A capable multimedia content discovery platform based on visual content analysis and intelligent data enrichment

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Multimed Tools Appl (2018) 77:14077–14091 DOI 10.1007/s11042-017-5014-1 A capable multimedia content discovery platform based on visual content analysis and intelligent data enrichment 1 2 3 Remigiusz Baran & Andrzej Dziech & Andrzej Zeja Received: 27 September 2016 /Revised: 30 November 2016 /Accepted: 12 December 2016 / Published online: 28 July 2017 The Author(s) 2017. This article is an open access publication Abstract A new capable content discovery platform based on multimedia data enrich- ment is presented in this paper. The platform, known as the IMCOP system, refers to the concept of intelligent discovery and delivery of multimedia content. Relevant state- of-the-art solutions are described in detail in the background section. The overall architecture and the main components of the IMCOP system are presented next. An original concept of Complex Multimedia Objects which extend the MPEG-7 standard to hold the processed data and bind it into content related collections is introduced. Selected results of tests illustrating how the IMCOP system performs in terms of responsiveness and stability under a particular workload are reported. Finally, IMCOP’s advantages in refer- ence to other content discovery platforms are discussed and summed up. . . . Keywords Content discovery and delivery Recommender engines Visual analysis Data . . enrichment Multimedia indexing Complex multimedia objects * Remigiusz Baran r.baran@tu.kielce.pl Andrzej Dziech dziech@kt.agh.edu.pl Andrzej Zeja a.zeja@wstkt.pl Faculty of Electrical Engineering, Automatics and Computer Science, Kielce University of Technology, al. 1000-lecia P.P. 7, 25-314 Kielce, Poland AGH University of Science and Technology, al. Mickiewicza 30, 30-059 Kraków, Poland University of Computer Engineering and Telecommunications, ul. Toporowskiego 98, 25-553 Kielce, Poland 14078 Multimed Tools Appl (2018) 77:14077–14091 1 Introduction The volume of data stored in, downloaded from and shared via the Internet is increasing rapidly. As reported in [17] the storage capacity of the Internet Bis doubling in size every two years^.Thisis chiefly due to the growing number of devices connected to the Internet, including mobile phones, computers and tablets as well as other types of smart devices, Bfrom minuscule chips to mammoth machines that use wireless technology to talk to each other (and to us)^ [16]. This hard to imagine source of big data, mainly represented by images and video sequences (the most rapidly-growing types of media), provides incredible but real opportunities for building heterogeneous intelligence systems [10]. The first issues which need to be addressed are content-oriented data analysis, enrichment, retrieval and recommendation. A new content discovery platform, known as the IMCOP system, which uses these and other technologies, is presented in this paper. The IMCOP system is the result of an international collaboration within the framework of the second joint Polish-Israeli R&D project titled "Intelligent Multimedia System for Web and IPTV Archiving. Digital Analysis and Documentation of Multimedia Content". According to initial assumptions, the capabilities of the IMCOP system should include multimedia data aggregation, analysis and processing. The implementation of these processes must be extremely flexible to fulfill the requirements of different IMCOP applications. According to customer needs, the IMCOP system should be able to perform different kinds of processing and content analysis of multimedia data aggregated using various Internet data sources. Content analysis should enrich the data – extend the metadata list – to confirm the relationship between the data and the subject matter and find its content-related connections with other data. Thanks to this flexibility, the IMCOP system should be able to address customer demands regarding relevant content and ways of presenting it to their users. The system presented in this paper meets all these initial assumptions and expectations of the IMCOP project. For example, various types of aggregated data comprising text, still images, film footage and video sequences are considered. Mechanisms for extensive analysis of all types of aggregated data, including detection and extraction of various features and different classification approaches, were also used. A range of descriptive metadata is extracted in this way to enrich the aggregated data and give the foundation for finding connections. In addition, a flexible and efficient representation of data, known as Complex Multimedia Objects (CMO), maintaining the metadata and the content-related connections, is proposed. As well as these objectives, the IMCOP project has the following minor goals: & to ensure that the IMCOP system is platform-independent and capable of incorporating external services to improve its efficiency and increase its intelligent facilities, for example by removing duplicate images from the database [9], & to guarantee scalability despite vast numbers of multimedia objects processed, & to make absolutely certain that the system is legal in terms of copyright law and that the processed objects and their content are fully protected against copying, reproducing, modifying and other forms of authentication rights violation. It was also agreed between the project partners that the IMCOP system should comply with the Data Enrichment and Engagement Platform (DEEP), which was largely developed by the Israeli partner as part of their project activities. According to [21], the DEEP platform is Ba revolutionary new solution (which) resolves the complexities of content discovery, recommendation, usability and engagement all at once, and consumers already know how to use it^. All these values can be verified through the DEEP Magazines application which is its final product [11]. Multimed Tools Appl (2018) 77:14077–14091 14079 The DEEP Magazines app shows how an advanced and professionally-made end-user appli- cation of the IMCOP system could work and look. However, it should be stressed that the platform’s capabilities are significantly broader than those of the DEEP platform. The DEEP platform, according to the DEEP Magazines app requirements, is designated to collect, analyze and select images and short descriptive information (e.g. news) which stay in relation to Bthe hottest stories about celebs, actors, movies and TV shows^ [23]. In contrast, the IMCOP system can be categorized as a comprehensive and versatile content discovery and delivery platform which is capable of addressing topics of any kind. The IMCOP platform also has other functionalities. It can be applied for instance as a multimedia indexing (labeling) application, as e.g. Imagga (http://imagga.com/), or as a reverse search engine tool, as e.g. TinEye (https://www.tineye.com/). The remaining part of this paper is organized as follows. The next section presents background materials and a literature review within the framework of content discovery platforms. The overall architecture with an insight into various categories of the IMCOP web services and the concept of Complex Multimedia Objects are introduced in the sub- sections of Section 3. Section 4 reports on the IMCOP system performance. Final conclusions and potential future improvements are presented in Section 5. 2 Background and literature review According to the Wikipedia definition [22], a content discovery platform Bis an implemented software recommendation platform which uses recommender system tools^. As defined, in turn, in [24], a content-based recommender system is a system Bthat recommend an item to a user based upon a description of the item and a profile of the user’sinterests^. In general, there are three main approaches to recommendation system design: collaborative filtering [29], content-based filtering [4] and hybrid, where the two former approaches are combined [27]. In fact, the definitions cover a range of solutions with different goals, domains and approaches using computer science techniques such as data mining, information retrieval and filtering, machine learning, artificial intelligence and so on. Google Scholar, Pubnet, CiteSeer and Web of Science are the leading scientific and academic literature search and recommender engines. The platforms work in two key ways. In Google Scholar, papers related to the user’s research interests (notified as Scholar Updates) are found through a statistical analysis according to Bwhat your work is about, the citation graph between articles, the fact that interests can change over time, and the authors you work with and cite^ [12]. The other way of finding relevant articles in Google Scholar is setting user alerts. Despite noticeable differences, both methods are content-based filtering approaches which use a record of the researcher’s authored papers and citations. This approach is effective for researchers who have published many papers; however, it provides poor results for others, such as graduate students. In other types of recommender engines related to academic content such drawbacks do not occur. One such tool is PubChase. BPubChase suggests articles from PubMed on the basis of a user’s publishing record, but it also learns from the articles that the user has read and stored in his or her online library […] it adds another machine-learning technique: comparing this library with other people’s collections, with the logic that people with common research interests might benefit from each others’ preferences^ [18]. Content discovery and personal recommendation have also become crucial to the global pay-TV industry due to the proliferation of choice offered by the television of today, including video-on-demand, personalized video recording, streaming services and web-based content. In 14080 Multimed Tools Appl (2018) 77:14077–14091 addition, Bthe global pay-TV market is projected to grow from more than 900 million subscribers in 2014 to 1.21 billion by 2022^ [19]. Such a major and interactive marketplace is an important challenge for operators, who are forced to look for new ways of satisfying customers and holding their attention for longer. Platforms where Ba blend of sophisticated content discovery algorithms, personalized recommendations are offered to drive additional purchases,^ as in COMPASS from Viacess- Orca, are appropriate solutions within this context. As reported in [20], collaborative filtering, external rating and operator’s promotions are the main algorithms driving the COMPASS engines. Additionally, an algorithm known as related content, where Bsimilar item recommen- dations based on content metadata (actors, directors, years, countries, etc.) and keywords^ are proposed, is also essential. The Kannuu content discovery platform (http://www.kannuu.com/) is another example of a successful and innovative integration of various recommendation layers. In the Kannuu system, similar title recommendations are achieved using a proprietary metadata analysis which aims to find connections between titles. Similarly to the COMPASS engine, metadata analysis performed in the Kannuu system comprises (for example) genre, cast, director, date and expanded keyword lists. A similar approach, based on collaborative filtering where profiling and behavioral data are used, is also applied as the social recommendations layer. This is the key difference between the Kannuu and COMPASS systems, at the social recommendations layer is integrated with social networking sites. This means Kannuu users can provide and receive recommendations from people in their social media circles. In turn, ratings, in particular personal, and streaming history are the only key algorithms in Netflix – one of the most successful providers of streaming media and video on demand in the world. Since personal ratings and past viewing habits are insufficient when used for a single user, Netflix combines ratings of all its users with similar tastes. Personal ratings are a type of personal data collected by TV operators. However, personal data transferred to providers must be limited and reasonably selected to prevent eavesdropping such as was found in Samsung [15]. Therefore, platforms where algorithms from various levels are combined, as in the COMPASS or Kannuu recommender engines, are more efficient (their recommendations are more relevant) and more secure. Another market where content discovery plays an important role is online publishing, mainly of blogs, podcasts, websites, etc. Outbrain, Taboola and Google AdSense are the leading platforms here. They recommend content via online media, from the largest and most widely respected such as BPeople^ (in the case of Outbrain) and BUSA Today^ (in the case of Taboola), to those with limited audiences such as BBuildEazy^ (in the case of AdSense). Content discovery algorithms applied in these cases are complex and sophisticated. For example, according to Outbrain, its recommender engine is based on more than 50 algorithms which are run in parallel to determine a set of candidate recommendations. These algorithms are categorized into four main groups: contextual, behavioral, personal and popular [14]. Contextual algorithms aim to find relationships (identify connections) between recommended content and that found on a target website. The Solr search engine [13]isusedat thisstage. The aim of behavioral algorithms is to learn the statistical behaviors of users. This can be achieved by simply signing the most visited or most rated documents on a site or by applying collaborative filtering methods. The latter approach lets users access other content Bliked^ by people. In turn, personal algorithms learn user properties and history. Personalization is applied in Outbrain using cookies. Recommendations of each type, given independently by behavioral, contextual and personal algorithms, are then processed (using machine learning techniques) to select the most relevant ones. Multimed Tools Appl (2018) 77:14077–14091 14081 3 IMCOP platform architecture As stated in Section 1, the IMCOP system is a capable content discovery platform. As such, it can use user metadata to discover customer-relevant content which can be delivered to websites, mobile devices, set-top boxes, etc. In this domain, IMCOP aspires in part to operate similarly to Outbrain and Taboola – the largest content discovery startups in Israel. IMCOP also uses specialized and sophisticated algorithms to select the most relevant content. Although IMCOP does not currently apply algorithms which could be categorized as behavioral and personal, it uses an assortment of intelligent automated multimedia content analysis algorithms from a range of computer vision techniques. As such, IMCOP goes beyond typical content discovery platforms and also serves as a data enrichment platform. The IMCOP platform is a distributed system based on Service-Oriented Architecture (SOA). IMCOP services are RESTful web services, implemented according to the Represen- tational State Transfer (REST) architectural style. As such, IMCOP services are self-contained applications with their own REST-based interface. In addition, they are fully independent from operating systems and platforms on which they are implemented and run. This means they are also scalable, fast and modifiable. All IMCOP services have been developed in Java according to the original MESCore library, which provides API, programming specifications and code examples within SDK for developers. As the MESCore library is open, IMCOP services can be freely added, edited or improved by third-party developers. This also implies that IMCOP’s capabilities can be accessed and extended by external companies and institutions interested in a partnership with the IMCOP team. The main categories of IMCOP’s services are as follows: & Metadata Enhancement Services (MES) – specialized services, mainly in multimedia data analysis and enrichment (there are also other types of MES driven services such as management and connection), & Data Aggregation Services (DAS) – mainly used for web crawlers which extract and collect data from the web as well as exchanging data with the IMCOP database, known as the Data Repository (DR). Regardless of the category, the IMCOP services can be run in heterogeneous environments, e.g. MS Windows and Linux (×32 or ×64) using virtual machine applications. In other words, there is no need to unify the IMCOP software components. This makes them easy to implement and integrate with the rest of the system. According to the MESCore library, IMCOP services are in fact wrapper functions which call other specialized applications or processes. These applications or processes can be written and compiled, independently of each other, on any platform, e.g. Java, .NET, native C++, Phyton, etc., and then used directly in target web applications. An overall architecture of the IMCOP system is depicted in Fig. 1. 3.1 Metadata enhancement services There are many different kinds of Metadata Enhancement Services (MES) in the IMCOP system. The majority focus on content discovery and metadata enhancement. MES Services of this kind are dedicated to perform selected operations from the scope of text and signal (image and video) processing. Text processing operations mainly include detection and localization of areas where text features are present; they also conduct semantically-organized and dictionary-driven text recognition. The list of image, frame and video processing applications is as follows: 14082 Multimed Tools Appl (2018) 77:14077–14091 IMCOP platform IMCOP MANAGER 4U Third-party MES services Tomcat+MESCore /CC++ java/.net/python windows/linux Fig. 1 The overall IMCOP platform architecture & image transforms for detecting, extracting and calculating descriptors for various types of local features, e.g. SIFT, SURF [2], MSER, Piecewise-linear [1], CEDD [7], CLD, EHD and SCD [5], FCHT [8], & algorithms for detecting and recognizing (e.g. using local feature descriptors listed above) different kinds of objects, content and scenes, including faces, bodies, nudity, dress color, sky, images with the Bokeh effect, landscapes or pictures with man-made structures (buildings, monuments, etc.), logos and visual watermarks, etc., & procedures for estimating similarities between images or their selected regions of interest [9] and evaluating selected image and video quality metrics, including noise, blur, blockiness, slicing, etc. (acquired from [6, 25]), & compression of images using selected compression schemes [28], & algorithms designated to analyze and classify faces according to various traits, e.g. profile, presence of red eye, smile and facial hair (to identify unshaven faces), etc., & text, speech and face recognition processes applied mainly in order to index film footage and video sequences. Descriptors, labels and other values returned by the above applications during data analysis enrich the data. They stand for descriptive metadata added to other descriptive information about data, as e.g. keywords and URIs (in fact, a common scenario is to gather only the URIs of the processed data instead of the data itself) stored in data representation objects (CMO). For clarifi- cation, it should be noted that regardless of how metadata is added automatically during data analysis provided by MES services, keywords and URIs are affixed by DAS services during data aggregation. However, aside from automatic data aggregation provided by DAS services, there are also other methods of entering the data into the IMCOP system. For example, data can be entered (individuallyoringroups) usingthe GUI of the IMCOP system. GUI and selected MES services of the IMCOP system can be accessed using the following link: https://imcop.pl/. An example view of the IMCOP GUI while sample data is being entered and the results (labels) provided by selected IMCOP services after it has been processed are depicted in Figs. 2 and 3, respectively. Other categories of highly specialized MES services are also incorporated in the IMCOP system. Some, known as Management Services (MS), are control different activities of the other services and manage data-interchange processes inside the system, including Data Repository (DR). Watermark Retrieval and Embedding Services (WRES) are activated in Multimed Tools Appl (2018) 77:14077–14091 14083 https://pl.wikipedia.org/wiki/T ilda_Swinton#/media/File:Tild a_Swinton_crop.jpg Fig. 2 The IMCOP GUI and adding a sample picture to the list of processed objects order to mark the processed data with hidden messages, known as IMCOP signatures, and to protect the data against forbidden use, manipulation and sharing with unauthorized end-users. Connection Services (CS) stand for the final but perhaps most important category of IMCOP services. The aim is to identify relationships (connections) between the processed data. In the case of images, for instance, connections are identified twofold: & by matching keywords, URIs and labels given by MES services (the Solr search engine [13]is usedatthisstage), & by analyzing numerical descriptors of selected image features to find the list of stored objects which are similar to the processed image. Fig. 3 Labels given by selected services to the sample image from Fig. 2 14084 Multimed Tools Appl (2018) 77:14077–14091 From the end-user perspective, the IMCOP system can also be seen as a provider of services in the cloud. However, unlike in standard cloud computing models, IMCOP does not run client applications. Instead, end-user requests activate IMCOP services to prepare recommendations in terms of the desired multimedia content. Other details of IMCOP’s components and their functionalities can be found in preceding articles, e.g. in [3]. 3.2 Data aggregation services There are, in general, different data sources to which particular DAS services can be addressed. Their selection has to meet end-user requirements in terms of multimedia forms and data content relevance. The DEEP-like end-users, for example, need to aggregate and process textual information, images and video sequences related to celebrities, movies and actors. Thus, sources selected for data aggregation in this case should include, for example, selected multimedia data hosting websites (e.g. Getty Images), community-curated knowledge bases and encyclopedias (e.g. Wikipedia), news providers (e.g. BBC), social networking services (e.g. Twitter), etc. According to the IMCOP platform, it currently incorporates DAS services in all the above data sources, except Getty Images which operates as a commercial photo agency. Instead, the list of IMCOP’s DAS services also includes Flickr, Foursquare (https://foursquare. com/), Allocine (http://www.allocine.fr/) and the New York Times. As DAS services have to be developed with regard to APIs, which differ from data source to data source, there is no single common model for implementing them. They also have to be implemented and configured separately because of the data source authorization requirements, data-interchange protocols and formats (e.g. XML-REST, JSON, PHP), license conditions, etc. At the end of the data aggregation process the CMO objects, which refer to data representation objects, are instantiated. With regard to the IMCOP terminology, the DAS service creates a separate and self-contained CMO object for every single aggregated data point (image, text object, etc.), which is known as a Multimedia Object (MO). 3.3 Complex multimedia objects As stated in Section 1, CMO objects are dedicated to represent multimedia data in the IMCOP system. CMO objects are content type independent, which means that all data forms processed in the IMCOP system have the same flexible and general XML representation. After instan- tiation, CMO objects are exchanged between IMCOP MES services according to different schedules. MES activities planned in these schedules depend on end-user requirements and the type of processed data. The general scheme of CMO object processing is illustrated in Fig. 4. The definition of CMO derives from the MPEG-7 multimedia content description standard. Therefore, descriptive metadata such as topic, name, age, date of birth (e.g. in the case of an actor), keywords, brief text, etc., are registered according to MPEG-7 Description Schemes [26]. SIFT, Shape Context, MSER, Piecewise-linear or any other feature descriptors, extracted by dedicated MES services, are stored according to MPEG-7 Descriptor specification. The CMO definition extends the MPEG-7 standard in some respects. The most significant extension refers to connec- tions between data and the way in which pointers to these connections are stored in CMO objects. As illustrated in Fig. 4, each CMO object present in the IMCOP system has its own Universally Unique Identifier (UUID). UUID identifiers make it possible to distinguish between particular CMO objects, regardless of IMCOP distributed architecture and despite the lack of central coordination. After instantiation by DAS services, CMO objects are passed to MES services Multimed Tools Appl (2018) 77:14077–14091 14085 Fig. 4 General scheme of CMO object instantiation and processing where they are processed. As a result, MES driven metadata is added to their properties. Next (or in the meantime – these processes can take place simultaneously) UUID identifiers of objects recognized as related are appended to the list which stands for the list of connected objects. 4 Performance analysis The IMCOP system needs to be capable of serving a large number of clients. As each client may require many multimedia objects of different content forms, scalability was a major challenge facing IMCOP designers and developers. Although some of the algorithms incorporated by IMCOP services, e.g. those responsible for text and object detection and recognition, are compu- tationally highly expensive, the IMCOP system’s ability to replicate services and to apply concurrent and parallel computing ensures that the IMCOP objectives can be put into practice. A number of load tests were conducted to verify the above. During these tests, the IMCOP system was subjected to peaks in activity reflecting the likely demands of IMCOP users. A heavy concurrent load on the system was simulated using test plans executed by JMeter applications run from the outside of the IMCOP network, as illustrated in Fig. 5. JMeter instances distributed over the IMCOP platform public network IMCOP GATEWAY JMeter 3U MASTER Fig. 5 Configuration for generating a heavy concurrent load on the IMCOP system Slave JMeter Slave JMeter instance instance Slave JMeter SlaveJMeter Slave JMeter instance inSlave stancJMeter e instance instance 14086 Multimed Tools Appl (2018) 77:14077–14091 Test plans executed on slave JMeter instances were also diversified as they implemented a range of scenarios involving various types and numbers of IMCOP services. This imitated the usual system load during DEEP magazine preparation. Selected results of such tests, related to the running time of the processes, are presented in Table 1. The tests were performed in accordance with four different test plans (TP1÷TP4) which were executed iteratively for the growing number of concur- rent user requests (N). However, changes in average duration of IMCOP responses (Δt) to executed test plans per single user request are shown instead of directly measured particular time periods (t) for clarity of presentation. Changes in average durations were calculated as follows: t −t i i−1 Δt ¼ for i ¼ 2; 3; …; 8 ð1Þ N −N i i−1 The last column of Table 1 shows the averages of the Δt values obtained for each iteration. A plot of a trend line (of an exponential regression type) showing the relationship between the averages Δt and the growing number of concurrent user requests N is depicted in Fig. 6. It is clear that the greater the number of concurrent user requests N, the smaller the changes in average duration of IMCOP responses. This is mainly due to concurrent computing and parallel processing utilized in the IMCOP platform. The majority of IMCOP tasks are performed concurrently by particular IMCOP services. For example, image analysis (results shown in Fig. 3.) is performed simultaneously by all the MES services. In turn, MES services evaluating selected image quality metrics, detecting nudity and recognizing text (if present in an image), etc., were implemented using parallel processing. There is an additional reason why the changes in average duration of IMCOP responses are smaller when the number of concurrent user requests continues to grow. This is because of load balancing which improves the distribution of processes carried out in the IMCOP system across multiple replications of MES services. The feature of the IMCOP system replicating particular services when an overload occurs and the resulting significant improvement in system performance are illustrated in Fig. 7. The plot depicted in Fig. 7 shows the relationship between the averages Δt and the growing number of concurrent user requests N, as discussed above, although related to video indexing in the case of the test plan TP5. Table 1 Changes in average durations of IMCOP responses to executed test plans (TP1÷TP4) per single user request iN TP1 TP2 TP3 TP3 Δt[s] Δt [s] Δt [s] Δt [s] Δt [s] 1 1 44.00 110.00 80.00 346.00 145.00 22 −4.00 19.00 28.00 81.00 31.00 3 15 5.46 7.92 10.31 76.54 25.06 4 30 20.00 7.20 6.93 4.60 9.68 5 70 7.73 3.90 3.75 25.23 10.15 6 100 6.36 7.00 10.93 0.70 6.25 7 150 4.94 10.02 7.36 12.00 8.58 8 200 2.42 1.64 9.56 33.60 11.81 Multimed Tools Appl (2018) 77:14077–14091 14087 Fig. 6 Trend line of the averages of changes Δt versus the number of concurrent user requests N Three of the MES services of the IMCOP system are dedicated to automatic content-based video indexing tasks. Described briefly in Section 3.1, they index audio-video sequences and film footage with regard to: & speechrv – speech transcripts obtained using speech recognition techniques, & textdrv – text transcripts obtained using text detection methods and recognized using optical character recognition, & facerv – actors distinguished using face detection and classification methods. Algorithms used by these services are more complex and thus more time consuming than those used in test plans TP1÷TP4. To protect the IMCOP system against overload, which may occur when complex processes consuming vast amounts of computational resources are executed, an automatic mechanism of service replication was built into the system. This mechanism is able to multiply instances of particular services and run them in IMCOP cloud and third-party machines. Fig. 7. shows how the averages of changes Δt obtained under TP5 test conditions vary with the growing number of service instances. It is clear that system performance increases significantly when the number of instances, instantiated as a result of the replication mecha- nism, increases to four per service. Fig. 7 Averages of changes Δt versus the number of concurrent user requests N in test plan TP5 14088 Multimed Tools Appl (2018) 77:14077–14091 5 Summary and conclusions The IMCOP platform is a service-oriented architecture with a vast number of specialized web services. Distinct functions of IMCOP services which aggregate, analyze and enrich the processed data mean the IMCOP platform is flexible and able to meet customer needs concerning different subjects of demanded content and ways of presenting content to end-users. IMCOP’s openness to third-party services and scalability provided by SOA-driven architecture (using mechanisms of service replication and concurrent and parallel computing) means the system capabilities are unrestricted. The ability of the IMCOP platform to process different multimedia formats (text, still images, audio-video sequences, footage) ensures diversity of information sources and gives the foundation for rich presentation layers of IMCOP end-apps. As such, the IMCOP system outperforms other content discovery platforms in terms of their universality and versatility. The IMCOP system shares certain features with other content discovery platforms, such as searching for connections (as e.g. in the Kannuu system), related content function (as e.g. in the COMPASS platform) and the Solr engine (as e.g. in Outbrain). However, in contrast to these and other platforms which have limited functionality, the IMCOP platform addresses a range of goals and serves different categories of customers. For example, the content discovery and delivery engine of the IMCOP platform can be used to produce DEEP-like magazines whose subject matter can extend beyond actors, movies and celebrities. Such automatically generated magazines can cover subjects such as cultural events in a given city. Instead of using web-based portals, users can use a DEEP-like mobile app powered by the IMCOP platform. This enables them to find the latest theatre shows and learn about the shows, directors, actors and so on. In this instance, the city is the IMCOP customer while users are the end-user of the app. The concept of Complex Multimedia Objects (CMO) is another significant difference between the IMCOP system and other content discovery platforms. CMO objects with their Universally Unique Identifiers (UUIDs) which extend the MPEG-7 standard to hold descrip- tive and descriptor metadata and connection information allow the IMCOP system to exchange data with other systems. To our best knowledge, content discovery platforms described in Section 2 do not offer this capability. There are certain drawbacks of the current implementation of the IMCOP system which need to be eliminated. Our current efforts aim to improve the accuracy of particular MES services. In addition, other types of MES and DAS services are required to extend and diversify IMCOP capabilities. However, the openness of the IMCOP system means we hope to incorporate new services in collaboration with partners. Acknowledgements This work was supported by the Polish National Centre for Research and Development (NCBR), as a part of the EUREKA Projects no. E! II/PL-IL/10/02A/2012 and E!II/PL-IL/10/03A/2012. Open Access This article is distributed under the terms of the Creative Commons Attribution 4.0 International License (http://creativecommons.org/licenses/by/4.0/), which permits unrestricted use, distribution, and repro- duction in any medium, provided you give appropriate credit to the original author(s) and the source, provide a link to the Creative Commons license, and indicate if changes were made. References 1. 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Michael J. Pazzani and Daniel Billsus. 2007. Content-based recommendation systems. In the adaptive web, Peter Brusilovsky, Alfred Kobsa, and Wolfgang Nejdl (Eds.). Lecture notes in computer science, Vol. 4321. Springer-Verlag, berlin 325-341, 25. Romaniak P, Janowski L, Leszczuk M, Papir Z (2012) Perceptual quality assessment for H.264/AVC compression. In: Proc. of consumer communications and networking conference (CCNC), pp 597-602. doi:10.1109/CCNC.2012.6181021 26. Salembier P, Smith JR (2001) MPEG-7 multimedia description schemes. IEEE Transactions on Circuits and Systems for Video Technology 11(6):748–759 27. Salter J, Antonoupoulos N (2006) CinemaScreen recommender agent: combining collaborative and content- based filtering. IEEE Intell Syst 21(1):35–41 28. Slusarczyk, P., Baran, R.: Piecewise-linear subband coding scheme for fast image decomposition, multi- media tools and applications. Springer, US (2014), doi:10.1007/s11042-014-2173-1, 29. Su X, Khoshgoftaar TM (2009) A survey of collaborative filtering techniques. Advances in Artificial Intelligence archive 14090 Multimed Tools Appl (2018) 77:14077–14091 Remigiusz Baran was awarded the M.Sc. in Electrical Engineering from the Faculty of Electrical and Control Engineering, Kielce University of Technology in 1993, and the Ph.D. in Telecommunications from the Faculty of Electrical, Control, Electronic and Computer Engineering, AGH University of Science and Technology in Kraków in 2004. He is currently working as an Assistant Professor at the Kielce University of Technology. He is the author or co-author of over 50 publications in the field of digital signal processing, focusing on image compression and feature extraction. The main areas of his academic interest are feature- and appearance-based object detection and recognition techniques, and microprocessor technology and embedded systems. Apart of his scientific activity he is also an academic teacher. He has promoted approximately 60 MSc students as well at undergraduate as graduate levels He also serves as a reviewer of international journals and conferences. Dr. Baran has participated numerous international and national (Polish) research projects including INDECT, OASIS Archive, Calibrate, INWAS, INSIGMA, TAPAS. At present he is the Project Manager of the second joint Polish-Israeli R&D project IMCOP BIntelligent Multimedia System for Web and IPTV Archiving. Digital Analysis and Documentation of Multimedia Content. Andrzej Dziech Ph.D. Hab. received his M.Sc. and Ph.DPhD in telecommunications from the Electro-technical Institute in Leningrad, Faculty of Automation and Computer Science, in 1970 and 1973. He received postdoc- toral degree in engineering, Science Tech, from the Poznan University of Technology, Faculty of Electrical Engineering in 1978. He is full professor from 1986. His fields of interest are related to digital communication, image and data processing, data compression, information and coding theory, random signals, computer Multimed Tools Appl (2018) 77:14077–14091 14091 communications networks and signal processing. He has worked in number of foreign universities, most recently in 2001–2003 he worked as a visiting professor at the University of Wuppertal in Germany. He co-authored 180 publications including 5 books. He promoted 18 Ph.D. students and approx. 100 M.Sc. He was awarded 4 times by Ministry of Education of Poland for his research achievements. He serves as a co-ordinator of FP7 project INDECT. Andrzej Zeja was awarded the M.Sc. in Electrical Engineering from the Faculty of Electrical and Control Engineering, Kielce University of Technology in 1992. He is currently working as an Assistant Professor at the Kielce University of Technology. The main areas of his activities are programming and integrating distributed heterogeneous computer systems and hardware/software codesing of embedded systems. A. Zeja has participated numerous international and national (Polish) research projects including Calibrate, INWAS, INSIGMA, IMCOP.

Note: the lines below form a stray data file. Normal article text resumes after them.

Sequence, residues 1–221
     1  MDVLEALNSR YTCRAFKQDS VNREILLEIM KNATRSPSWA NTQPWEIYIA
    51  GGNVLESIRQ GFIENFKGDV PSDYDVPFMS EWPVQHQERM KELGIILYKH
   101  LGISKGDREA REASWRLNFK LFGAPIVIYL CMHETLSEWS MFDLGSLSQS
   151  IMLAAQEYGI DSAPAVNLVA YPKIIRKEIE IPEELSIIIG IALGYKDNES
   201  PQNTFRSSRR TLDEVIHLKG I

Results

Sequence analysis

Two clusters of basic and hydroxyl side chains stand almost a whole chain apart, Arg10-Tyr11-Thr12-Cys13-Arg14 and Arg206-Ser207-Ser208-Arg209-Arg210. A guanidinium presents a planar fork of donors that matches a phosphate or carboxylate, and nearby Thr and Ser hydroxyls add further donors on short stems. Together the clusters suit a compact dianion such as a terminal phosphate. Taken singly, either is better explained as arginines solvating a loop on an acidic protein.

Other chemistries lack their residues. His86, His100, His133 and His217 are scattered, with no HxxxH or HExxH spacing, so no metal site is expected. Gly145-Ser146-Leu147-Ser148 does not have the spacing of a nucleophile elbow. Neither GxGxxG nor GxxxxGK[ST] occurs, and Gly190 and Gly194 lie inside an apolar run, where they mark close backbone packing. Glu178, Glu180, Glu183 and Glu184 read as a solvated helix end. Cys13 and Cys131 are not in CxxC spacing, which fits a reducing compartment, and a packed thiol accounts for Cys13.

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Multimedia Tools and ApplicationsSpringer Journals